Chris Butler is emerging in the film industry, starting off as a storyboard artist for “Corpse Bride” and making his way up to storyboard supervisor for “Coraline.” Now with “ParaNorman,” the comedic and ghoulish essences of both films carry over perfectly into his debut as both a writer and director.
“ParaNorman” takes place in the small colonial town of Blithe Hollow, eerily similar to Salem, Mass. and famous for its historical witchcraft trials. Norman (voiced by Kodi Smit-McPhee) is a young boy that rarely talks to strangers or classmates, but is often found talking to the dead. The town knows Norman as that weird kid and never gives him a chance. His family is fed up with his ramblings about the dead and wishes Norman would just be a normal boy.
The closest thing he has to a best friend is Neil (voiced by Tucker Albrizzi), a classmate and fellow loser that is also consistently bullied. Although Norman prefers being alone (or with the dead), Neil tries hard at becoming his best friend. Neil is the only one in the town that doesn’t think Norman is weird, and tells Norman bullies must exist, and that if Norman were bigger and stupider he would probably be a bully too.
Norman’s life parallels that of the “evil witch” that was tried years ago in Blithe Hollow, and the townspeople act with the same ignorance that started the whole thing. Throughout the movie, Norman’s mission is to stop a famous curse that the Blithe Hollow witch cast on the town centuries ago.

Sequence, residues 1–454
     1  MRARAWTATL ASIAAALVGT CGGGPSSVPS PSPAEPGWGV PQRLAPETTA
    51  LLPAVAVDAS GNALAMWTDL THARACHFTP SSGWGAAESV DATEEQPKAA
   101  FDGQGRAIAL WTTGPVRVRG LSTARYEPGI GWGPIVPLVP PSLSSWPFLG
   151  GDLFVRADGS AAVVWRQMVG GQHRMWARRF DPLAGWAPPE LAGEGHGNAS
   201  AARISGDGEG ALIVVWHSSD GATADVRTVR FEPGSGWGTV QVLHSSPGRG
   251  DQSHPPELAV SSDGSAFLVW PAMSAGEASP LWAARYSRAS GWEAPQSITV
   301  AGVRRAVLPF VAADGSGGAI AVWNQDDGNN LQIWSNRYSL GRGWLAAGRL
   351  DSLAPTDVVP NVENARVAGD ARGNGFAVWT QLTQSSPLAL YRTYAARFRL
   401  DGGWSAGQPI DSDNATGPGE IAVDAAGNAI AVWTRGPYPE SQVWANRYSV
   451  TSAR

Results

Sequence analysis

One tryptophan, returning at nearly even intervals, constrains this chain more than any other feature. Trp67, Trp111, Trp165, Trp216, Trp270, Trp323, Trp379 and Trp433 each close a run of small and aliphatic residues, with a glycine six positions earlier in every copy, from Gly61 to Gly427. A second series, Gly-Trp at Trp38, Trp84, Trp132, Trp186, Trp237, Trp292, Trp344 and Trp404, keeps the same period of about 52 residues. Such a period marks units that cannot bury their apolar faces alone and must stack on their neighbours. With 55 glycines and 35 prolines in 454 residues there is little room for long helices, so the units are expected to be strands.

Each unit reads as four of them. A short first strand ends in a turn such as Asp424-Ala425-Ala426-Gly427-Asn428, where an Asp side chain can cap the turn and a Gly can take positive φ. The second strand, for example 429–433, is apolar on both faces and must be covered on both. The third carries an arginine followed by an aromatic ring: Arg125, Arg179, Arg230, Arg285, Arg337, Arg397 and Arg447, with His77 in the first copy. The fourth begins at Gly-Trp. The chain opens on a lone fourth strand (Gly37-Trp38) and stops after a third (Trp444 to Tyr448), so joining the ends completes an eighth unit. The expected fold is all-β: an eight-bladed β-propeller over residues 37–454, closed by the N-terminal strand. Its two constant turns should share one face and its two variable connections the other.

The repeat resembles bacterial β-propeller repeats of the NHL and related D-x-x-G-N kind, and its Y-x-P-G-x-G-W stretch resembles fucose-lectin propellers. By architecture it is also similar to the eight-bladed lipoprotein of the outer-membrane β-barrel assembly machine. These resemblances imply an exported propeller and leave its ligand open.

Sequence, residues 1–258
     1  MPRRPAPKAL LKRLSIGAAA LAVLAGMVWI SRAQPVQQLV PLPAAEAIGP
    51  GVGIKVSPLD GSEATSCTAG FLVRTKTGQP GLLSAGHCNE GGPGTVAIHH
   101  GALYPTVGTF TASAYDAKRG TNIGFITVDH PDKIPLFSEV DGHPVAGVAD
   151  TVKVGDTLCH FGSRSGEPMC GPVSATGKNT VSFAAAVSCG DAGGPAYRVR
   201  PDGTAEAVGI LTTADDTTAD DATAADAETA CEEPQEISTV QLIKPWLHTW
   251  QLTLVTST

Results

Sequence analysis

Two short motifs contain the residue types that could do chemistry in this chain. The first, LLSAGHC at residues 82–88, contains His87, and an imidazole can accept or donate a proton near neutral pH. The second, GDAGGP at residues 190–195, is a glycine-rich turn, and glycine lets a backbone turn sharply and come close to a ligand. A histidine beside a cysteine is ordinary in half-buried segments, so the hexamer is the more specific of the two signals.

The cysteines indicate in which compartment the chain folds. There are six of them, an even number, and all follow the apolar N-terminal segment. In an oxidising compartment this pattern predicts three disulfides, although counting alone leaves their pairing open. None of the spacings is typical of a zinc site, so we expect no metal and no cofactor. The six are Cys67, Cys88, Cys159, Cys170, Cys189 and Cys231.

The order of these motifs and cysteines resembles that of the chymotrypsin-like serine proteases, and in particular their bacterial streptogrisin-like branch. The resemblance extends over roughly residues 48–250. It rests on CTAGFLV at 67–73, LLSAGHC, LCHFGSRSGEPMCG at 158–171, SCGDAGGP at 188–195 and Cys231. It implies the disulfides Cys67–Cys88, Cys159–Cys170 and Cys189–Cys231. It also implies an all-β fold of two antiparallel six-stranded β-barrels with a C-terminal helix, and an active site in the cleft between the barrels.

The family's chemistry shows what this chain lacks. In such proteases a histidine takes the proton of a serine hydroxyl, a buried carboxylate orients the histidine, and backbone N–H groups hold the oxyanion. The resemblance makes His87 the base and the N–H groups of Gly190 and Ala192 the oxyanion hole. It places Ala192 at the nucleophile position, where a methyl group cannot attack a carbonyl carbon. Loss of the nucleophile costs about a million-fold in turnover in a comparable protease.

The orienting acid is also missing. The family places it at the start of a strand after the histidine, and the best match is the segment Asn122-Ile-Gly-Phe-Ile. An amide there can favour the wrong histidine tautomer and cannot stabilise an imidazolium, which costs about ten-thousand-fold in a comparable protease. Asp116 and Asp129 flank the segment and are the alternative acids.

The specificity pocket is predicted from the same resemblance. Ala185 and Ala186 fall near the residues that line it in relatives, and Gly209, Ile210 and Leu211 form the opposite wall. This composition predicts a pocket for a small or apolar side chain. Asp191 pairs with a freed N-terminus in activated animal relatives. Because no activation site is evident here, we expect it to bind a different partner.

“ParaNorman” isn’t directly advertised as a children’s movie, but it did receive a PG rating for “scary action and images” as well as “some rude humor and language.” As a movie aimed mainly towards a younger audience, the movie is heavily shrouded with a life lesson on equality and how people should treat one another, a lesson that is repeated throughout the movie on different levels.
It starts off with Norman and Neil being freaks that are treated differently and continues with the townspeople treating the zombies like normal human beings. For any adult watching this movie though, the message of treating others how you would like to be treated is a little grueling and drones on. The message is a little bit much by the end of the movie, but the story is still fun and humorous.
Though the story focuses on grim themes and idealistic equality, the film is filled with humor — some light, some dark. While some of the jokes are aimed for a younger crowd, there is a decent amount of humor for older moviegoers.
Overall, the movie was well written and amusing. I enjoyed it and would recommend it to anyone who enjoys animated movies and anything related to the paranormal.Contact Sarah Osterheld.